The sainthood cause for Montreal laywoman Jeanne Le Ber was opened in late October.

Sainthood cause opened for Montreal laywoman

By  Laura Ieraci, Catholic News Service
  • November 19, 2015

MONTREAL - Calling her a star in a “constellation of holiness,” Montreal Archbishop Christian Lépine has opened the cause for sainthood of a 17th-century Montreal laywoman.

The Archdiocese of Montreal officially opened the cause for Jeanne Le Ber Oct. 28, and interviews began Nov. 12 seeking testimony on the authenticity of Le Ber’s writings, as well as on her heroic virtues and her reputation for sainthood.

Le Ber’s postulator, Sr. Monique Tremblay, CND, said Le Ber witnesses that “the profound meaning of life is to know that one is loved by God and to discover His continual presence in their lives.” Young people in search of meaning are attracted to Le Ber, as well as people who are alone, who discover new meaning in their solitude, said Tremblay.

Jeanne Le Ber was born in 1662 to two of the first French settlers in Montreal, then-called Ville Marie. Her godparents were the founders of the colony, Jeanne Mance and Paul Chomedey de Maisonneuve. At a young age, Le Ber felt the call to the contemplative life of a recluse.

A student of St. Marguerite Bourgeoys, who founded the Congregation of Notre Dame, Le Ber was counselled by a Sulpician to live her vocation as a laywoman, maintaining and administering her inheritance for the benefit of the fledgling colony. Once a recluse, she helped St. Marguerite by funding schools and paid for the education of poor children.

Le Ber’s life consisted mostly of prayer, Eucharist and adoration. She also embroidered intricate liturgical vestments, some of which are on exhibit at Montreal’s Maison Saint-Gabriel, operated by the CND sisters.

Though a laywoman, her spirituality inspired the foundation of a women’s monastery in 1943. The Recluse Sisters, whose monastery is located in Montreal’s East End, model their cloistered lives on Le Ber.

Le Ber’s spirituality is described as the “spirituality of the two windows” — one through which she received her food, news of the growing colony and prayer petitions from the colonists, and the other through which she could gaze upon the Blessed Sacrament in the chapel, adjacent to her cell.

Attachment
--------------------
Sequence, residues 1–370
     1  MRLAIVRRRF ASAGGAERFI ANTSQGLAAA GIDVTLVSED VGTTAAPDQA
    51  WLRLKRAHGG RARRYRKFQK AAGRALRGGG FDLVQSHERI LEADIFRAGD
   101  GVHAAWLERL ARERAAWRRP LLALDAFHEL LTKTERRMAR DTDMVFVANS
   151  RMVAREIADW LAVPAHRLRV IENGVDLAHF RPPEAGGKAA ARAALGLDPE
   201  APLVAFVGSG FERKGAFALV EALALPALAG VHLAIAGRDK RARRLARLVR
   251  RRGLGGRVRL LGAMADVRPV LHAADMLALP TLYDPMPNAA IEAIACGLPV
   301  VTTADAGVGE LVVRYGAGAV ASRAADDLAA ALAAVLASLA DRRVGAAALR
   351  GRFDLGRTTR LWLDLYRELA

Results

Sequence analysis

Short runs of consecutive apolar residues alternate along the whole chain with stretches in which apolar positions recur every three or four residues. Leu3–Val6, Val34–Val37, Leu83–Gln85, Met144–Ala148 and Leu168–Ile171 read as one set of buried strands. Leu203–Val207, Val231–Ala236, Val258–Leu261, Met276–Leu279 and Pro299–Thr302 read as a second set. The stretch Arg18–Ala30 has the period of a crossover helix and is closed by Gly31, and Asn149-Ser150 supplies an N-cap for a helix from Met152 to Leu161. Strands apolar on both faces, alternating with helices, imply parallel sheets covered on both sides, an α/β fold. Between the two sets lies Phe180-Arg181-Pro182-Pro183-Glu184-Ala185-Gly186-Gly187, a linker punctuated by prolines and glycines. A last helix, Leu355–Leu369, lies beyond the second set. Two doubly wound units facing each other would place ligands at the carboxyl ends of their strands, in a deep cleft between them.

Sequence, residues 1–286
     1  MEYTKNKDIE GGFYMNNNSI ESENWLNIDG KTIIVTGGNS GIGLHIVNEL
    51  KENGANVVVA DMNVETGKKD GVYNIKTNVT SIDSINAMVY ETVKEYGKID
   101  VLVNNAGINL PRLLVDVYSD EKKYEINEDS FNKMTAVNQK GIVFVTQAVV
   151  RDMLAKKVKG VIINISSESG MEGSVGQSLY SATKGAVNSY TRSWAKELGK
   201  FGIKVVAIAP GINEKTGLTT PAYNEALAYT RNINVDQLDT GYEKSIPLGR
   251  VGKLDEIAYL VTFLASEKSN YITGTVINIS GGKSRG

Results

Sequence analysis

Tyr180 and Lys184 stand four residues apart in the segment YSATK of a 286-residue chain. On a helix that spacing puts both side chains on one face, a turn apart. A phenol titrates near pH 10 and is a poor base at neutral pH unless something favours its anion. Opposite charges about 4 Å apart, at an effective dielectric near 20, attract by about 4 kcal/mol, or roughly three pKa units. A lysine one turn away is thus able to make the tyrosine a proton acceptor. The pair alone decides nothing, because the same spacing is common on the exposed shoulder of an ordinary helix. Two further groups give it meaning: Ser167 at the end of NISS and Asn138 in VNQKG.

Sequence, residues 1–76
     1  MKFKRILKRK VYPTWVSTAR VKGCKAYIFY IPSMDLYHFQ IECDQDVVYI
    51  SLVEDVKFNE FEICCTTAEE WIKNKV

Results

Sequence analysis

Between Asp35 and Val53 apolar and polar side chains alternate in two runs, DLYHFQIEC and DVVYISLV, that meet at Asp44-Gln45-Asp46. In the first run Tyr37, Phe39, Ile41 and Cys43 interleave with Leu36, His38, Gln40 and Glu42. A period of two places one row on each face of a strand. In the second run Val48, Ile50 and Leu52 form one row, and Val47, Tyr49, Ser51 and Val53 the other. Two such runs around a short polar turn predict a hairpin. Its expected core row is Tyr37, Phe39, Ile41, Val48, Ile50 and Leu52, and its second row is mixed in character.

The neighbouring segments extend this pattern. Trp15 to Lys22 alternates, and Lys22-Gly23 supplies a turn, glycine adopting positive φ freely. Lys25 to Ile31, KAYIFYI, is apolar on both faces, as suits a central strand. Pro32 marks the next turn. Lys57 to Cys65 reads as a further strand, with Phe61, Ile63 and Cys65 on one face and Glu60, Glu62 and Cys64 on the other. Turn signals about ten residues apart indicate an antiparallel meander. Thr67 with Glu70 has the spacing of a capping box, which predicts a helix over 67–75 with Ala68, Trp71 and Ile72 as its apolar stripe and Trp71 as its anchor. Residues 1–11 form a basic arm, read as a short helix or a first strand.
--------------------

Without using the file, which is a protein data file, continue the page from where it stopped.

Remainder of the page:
Le Ber died in 1714, and her remains, which were thought to be lost, were only found on property belonging to the CND sisters in 1991. In 2001, the CNDs decided to begin promoting her cause. By 2005, the CNDs moved her remains to their chapel in Old Montreal, Notre-Dame de Bon Secours, where St. Marguerite Bourgeoys is also buried.

Sr. Louise Lemieux of the Recluse Sisters said the official opening of the cause elicited “feelings of great joy, pride and thanksgiving to God” among the sisters. Since their monastery’s founding, the community “never ceased praying and inviting people to ask for the intercession of Jeanne Le Ber,” said Lemieux.

Lépine celebrated a Liturgy of the Word at the Sacred Heart Chapel of Notre-Dame Basilica to officially open the cause. In his homily, he said Le Ber had “a pure thirst for God,” which leads people even today to reflect on whether they place God first in their own lives.

Le Ber’s example of holiness is important, he said, because it points to the Eucharist and to perseverance in faith.

“Holiness happens in constellations,” said Lépine, reflecting on the historic period in which Le Ber lived, marked by the zeal to evangelize the New World.

“Let us turn to God,” he told the 90 people gathered, “so that this star, part of a constellation of holiness present at the foundation of Montreal, may be more widely known and may shine for Montreal today.”

A biography of Le Ber is being compiled, which along with the testimonies will be submitted to the Vatican’s Congregation for the Causes of the Saints in a positio. Tremblay said the whole process is expected to take several months, which is rather quick compared with the nearly 300 years it took to get to this point.

“Many sisters of the Congregation of Notre Dame have been hoping for this day for a long time,” said Tremblay. “It is therefore a great joy.”

(Ieraci is a freelance writer in Montreal.)

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